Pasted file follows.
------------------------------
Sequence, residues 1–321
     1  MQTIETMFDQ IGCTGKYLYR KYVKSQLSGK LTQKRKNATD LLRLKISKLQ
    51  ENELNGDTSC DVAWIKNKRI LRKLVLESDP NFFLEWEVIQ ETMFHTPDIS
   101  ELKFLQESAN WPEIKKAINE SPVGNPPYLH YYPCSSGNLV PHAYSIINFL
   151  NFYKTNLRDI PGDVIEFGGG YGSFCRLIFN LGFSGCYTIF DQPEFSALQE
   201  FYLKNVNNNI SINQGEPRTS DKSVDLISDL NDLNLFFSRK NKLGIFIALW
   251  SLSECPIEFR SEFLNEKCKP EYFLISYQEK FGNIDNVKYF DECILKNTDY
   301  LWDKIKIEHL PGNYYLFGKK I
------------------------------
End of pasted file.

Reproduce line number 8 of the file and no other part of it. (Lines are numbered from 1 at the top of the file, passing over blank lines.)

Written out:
   301  LWDKIKIEHL PGNYYLFGKK I